Tony Blair looking towards his favourite mediterranean holiday destination this week would, no-doubt, feel hard-done-by. While the UK and international press had a field day when Blair’s
bully boys security forced 82 year old Walter Wolfgang out of the Labour party conference last year, hardly an eyelid is batted at the moment as an Italian pensioner is being threatened and bullied by a powerful lobby of politicians. Even more surprising when one considers that the pensioner in question is none other than Carlo Azeglio Ciampi – the Italian President.
Ciampi, eighty-five years old, is in the last days of his term as President. He has repeatedly, albeit discreetly, let it be known that he has no wish to present himself for a second term (of seven years). How is it, then, that political forces from both the centre-right and centre-left coalitions continue to endorse his re-election? Not only that, but a crop of blogs and websites have sprung up calling for his re-election – whether he likes it or not.
Ciampi has been a popular President with most Italians. A genial and warm character largely seen to have carried out his duties without political bias. He has been seen to resist political pressure from both Berlusconi and Prodi*.
A President above politics, Ciampi now, when he should be relaxing into a wished-for retirement (rather than having a gruelling schedule of public appearances to trot out platitudes about ‘solidarity’ and ‘optimism’), has sadly instead found himself a pawn in a complex political power-game.
The centre-right, which yesterday threw its full and not inconsiderable weight behind Ciampi for re-election, have most to benefit ostensibly should Ciampi be forced back into the Presidency.
Firstly there’s the fact that the President has constitutional powers to dissolve the government in certain circumstances, and, if ever there was a government likely to be dissolved, it’s one that has a majority of only two (in the Senate). Ciampi, seen as a stickler for the rules, would be preferable to a more left-leaning candidate who could use Presidential discretion to avoid dissolution. Perhaps more importantly, though, choosing Ciampi is a perfect way to sow the seeds of discontent within the centre-left coalition.
There are three major institutional positions to be filled at the start of this government’s tenure – President of the Chamber, President of the Senate, and finally President of the Republic. All positions of influence and profile. All positions that are filled through elections voted for by members of parliament, but given that Prodi’s government has a majority in both Senate and Chamber it’s all but a given that the government’s official candidate in all three elections will win. And so it has been for the first two positions: Fausto Bertinotti (Rifondazione Comunista) was elected President of the Chamber, while Franco Marini (Margherita) was elected President of the Senate. Thus out of the three main parties in the coalition, two have ‘received’ positions. The third party, Democratici di Sinistra, which is the largest of the coalition, has received nothing. Massimo D’Alema, President of the DS, made a public show of stepping back to allow Fausto Bertinotti the Presidency of the Chamber – with many suggesting that an informal agreement was made between Prodi and D’Alema allowing for a subsequent official nomination for President of the Republic.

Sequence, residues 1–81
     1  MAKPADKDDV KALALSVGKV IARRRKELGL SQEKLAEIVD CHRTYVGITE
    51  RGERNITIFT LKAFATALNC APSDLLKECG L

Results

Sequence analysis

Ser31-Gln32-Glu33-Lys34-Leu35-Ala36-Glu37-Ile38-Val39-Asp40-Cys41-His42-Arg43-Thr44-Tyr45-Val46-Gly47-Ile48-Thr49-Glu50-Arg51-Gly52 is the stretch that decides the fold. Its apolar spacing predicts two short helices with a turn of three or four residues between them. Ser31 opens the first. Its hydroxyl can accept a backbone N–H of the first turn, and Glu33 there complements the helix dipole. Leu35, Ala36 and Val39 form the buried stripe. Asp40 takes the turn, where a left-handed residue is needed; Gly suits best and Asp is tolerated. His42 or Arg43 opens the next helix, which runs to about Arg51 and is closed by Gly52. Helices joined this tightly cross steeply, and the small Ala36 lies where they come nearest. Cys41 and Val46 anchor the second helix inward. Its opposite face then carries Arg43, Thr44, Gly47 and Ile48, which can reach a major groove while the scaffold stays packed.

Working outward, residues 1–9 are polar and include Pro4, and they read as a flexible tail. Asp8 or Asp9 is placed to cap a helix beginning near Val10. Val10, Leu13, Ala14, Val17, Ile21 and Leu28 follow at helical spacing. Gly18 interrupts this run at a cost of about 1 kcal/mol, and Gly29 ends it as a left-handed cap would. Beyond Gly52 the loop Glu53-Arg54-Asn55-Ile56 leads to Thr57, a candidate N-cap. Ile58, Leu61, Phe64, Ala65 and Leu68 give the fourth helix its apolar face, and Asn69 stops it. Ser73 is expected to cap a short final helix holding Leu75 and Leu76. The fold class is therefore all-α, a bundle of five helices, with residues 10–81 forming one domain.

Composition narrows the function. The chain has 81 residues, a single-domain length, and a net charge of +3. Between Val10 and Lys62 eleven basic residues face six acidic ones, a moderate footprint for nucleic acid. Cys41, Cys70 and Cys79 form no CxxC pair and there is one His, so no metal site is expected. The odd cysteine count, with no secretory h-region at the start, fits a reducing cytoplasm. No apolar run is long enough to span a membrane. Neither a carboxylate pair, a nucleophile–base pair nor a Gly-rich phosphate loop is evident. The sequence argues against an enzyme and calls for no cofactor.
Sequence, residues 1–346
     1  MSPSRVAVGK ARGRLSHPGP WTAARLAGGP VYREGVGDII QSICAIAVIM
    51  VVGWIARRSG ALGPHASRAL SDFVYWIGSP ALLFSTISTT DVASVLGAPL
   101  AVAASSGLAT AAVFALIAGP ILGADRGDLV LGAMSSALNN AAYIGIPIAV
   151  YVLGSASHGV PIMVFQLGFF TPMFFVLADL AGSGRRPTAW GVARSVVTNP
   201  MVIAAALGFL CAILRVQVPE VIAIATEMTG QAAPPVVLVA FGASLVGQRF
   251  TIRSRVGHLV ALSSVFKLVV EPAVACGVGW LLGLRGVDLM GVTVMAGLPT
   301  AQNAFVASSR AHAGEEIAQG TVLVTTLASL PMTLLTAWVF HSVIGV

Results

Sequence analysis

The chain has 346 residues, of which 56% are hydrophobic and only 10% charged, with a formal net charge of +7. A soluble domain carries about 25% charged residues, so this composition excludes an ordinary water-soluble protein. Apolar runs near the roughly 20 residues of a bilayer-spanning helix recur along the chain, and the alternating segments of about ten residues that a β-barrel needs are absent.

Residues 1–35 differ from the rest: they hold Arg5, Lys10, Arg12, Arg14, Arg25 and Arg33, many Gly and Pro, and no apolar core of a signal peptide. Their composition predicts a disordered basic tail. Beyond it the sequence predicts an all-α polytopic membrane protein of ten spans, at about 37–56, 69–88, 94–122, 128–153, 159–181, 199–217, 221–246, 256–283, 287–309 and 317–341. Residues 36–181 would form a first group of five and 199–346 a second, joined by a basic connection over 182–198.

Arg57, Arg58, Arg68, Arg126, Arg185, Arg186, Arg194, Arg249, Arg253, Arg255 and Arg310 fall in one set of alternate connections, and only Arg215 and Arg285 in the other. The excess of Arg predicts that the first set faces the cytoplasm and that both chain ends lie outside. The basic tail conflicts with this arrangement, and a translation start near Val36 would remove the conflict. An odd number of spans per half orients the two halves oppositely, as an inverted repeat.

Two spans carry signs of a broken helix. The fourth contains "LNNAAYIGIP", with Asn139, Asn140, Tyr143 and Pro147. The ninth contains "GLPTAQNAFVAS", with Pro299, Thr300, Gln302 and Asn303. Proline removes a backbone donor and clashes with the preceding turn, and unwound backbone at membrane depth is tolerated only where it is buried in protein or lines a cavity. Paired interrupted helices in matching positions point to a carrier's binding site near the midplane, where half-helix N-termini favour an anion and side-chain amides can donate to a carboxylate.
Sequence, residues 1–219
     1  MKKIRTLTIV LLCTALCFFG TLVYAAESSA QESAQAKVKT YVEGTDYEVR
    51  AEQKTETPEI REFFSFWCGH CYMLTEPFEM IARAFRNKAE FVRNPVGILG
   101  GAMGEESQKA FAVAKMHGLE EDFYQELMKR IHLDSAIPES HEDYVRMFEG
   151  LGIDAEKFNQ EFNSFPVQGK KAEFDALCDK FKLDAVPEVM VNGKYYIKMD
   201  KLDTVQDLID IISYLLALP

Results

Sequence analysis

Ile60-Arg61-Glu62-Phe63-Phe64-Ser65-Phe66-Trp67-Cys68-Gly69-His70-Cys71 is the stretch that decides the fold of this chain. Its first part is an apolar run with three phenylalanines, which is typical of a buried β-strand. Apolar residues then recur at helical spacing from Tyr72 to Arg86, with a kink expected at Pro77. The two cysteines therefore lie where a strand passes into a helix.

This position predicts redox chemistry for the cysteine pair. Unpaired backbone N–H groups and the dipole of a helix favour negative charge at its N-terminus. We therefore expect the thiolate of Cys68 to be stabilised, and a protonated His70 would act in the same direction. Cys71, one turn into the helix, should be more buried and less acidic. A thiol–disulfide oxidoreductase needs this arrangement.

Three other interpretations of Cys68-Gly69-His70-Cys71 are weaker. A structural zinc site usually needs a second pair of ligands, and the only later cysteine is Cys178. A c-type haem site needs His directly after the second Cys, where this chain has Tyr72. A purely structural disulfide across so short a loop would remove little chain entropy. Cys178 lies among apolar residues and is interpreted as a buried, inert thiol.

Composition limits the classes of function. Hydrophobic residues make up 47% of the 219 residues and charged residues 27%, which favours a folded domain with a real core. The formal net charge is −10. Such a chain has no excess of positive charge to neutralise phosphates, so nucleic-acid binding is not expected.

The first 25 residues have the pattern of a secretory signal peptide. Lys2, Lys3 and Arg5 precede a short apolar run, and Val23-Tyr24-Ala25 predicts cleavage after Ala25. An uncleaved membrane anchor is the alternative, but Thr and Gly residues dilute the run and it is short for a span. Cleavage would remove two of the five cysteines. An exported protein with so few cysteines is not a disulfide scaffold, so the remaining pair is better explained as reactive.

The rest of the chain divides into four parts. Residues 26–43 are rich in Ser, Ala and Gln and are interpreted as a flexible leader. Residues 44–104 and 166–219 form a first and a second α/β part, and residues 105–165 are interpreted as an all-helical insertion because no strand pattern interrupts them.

If Ciampi suggests that he’ll bow to pressure and accept re-election, the centre-left will almost certainly have to go along and vote for him as well. To do otherwise would confirm the accusations of the centre-right that the government wants to put its ‘own men’ in all seats of insitutional power. Ciampi’s election would no-doubt leave a bitter taste in the mouth of the DS parliamentary party.
At the same time, for the centre-left the re-election of Ciampi would provide, at least, a quick and surefire solution. They have a reasonable majority in the presidential electoral college, made up of the Chamber, Senate, and representatives from the regions (where the centre-left are also in the majority), but a divisive candidate might provoke defections. Even the whiff of a defeat in an important vote such as this must be avoided.
And so it is that an old man, who has served the State long and well, is, rather than getting a golden-handshake, receiving a cross-party shove in the back. Hopefully, for his own sake, Ciampi will exercise the indifference to party politics that he has shown in the last seven years so well.
Should he refuse, one thing is certain. The eventual President will be a) a man, and b) over 50 (D’Alema, the youngest of the whispered candidates is a sprightly 57).
Despite the repeated lip-service paid by both Prodi and Berlusconi during the election campaign to increasing and supporting women’s participation in political life, no women have been seriously proposed for any of the major institutional positions. The Republic, sadly, is an ‘old boys‘ club’ in every sense.
*Ciampi disgruntled Berlusconi’s outgoing government on a number of occasions, when refusing to sign into legislation various controversial bills – amongst the most noticeable being the Gasparri laws regulating broadcasting. At the same time, immediately after this year’s election, while Berlusconi made a show of not recognising Prodi’s victory, Ciampi resisted all pressure to intervene to hasten the handover of government – something that will not have endeared him particularly to the centre-left.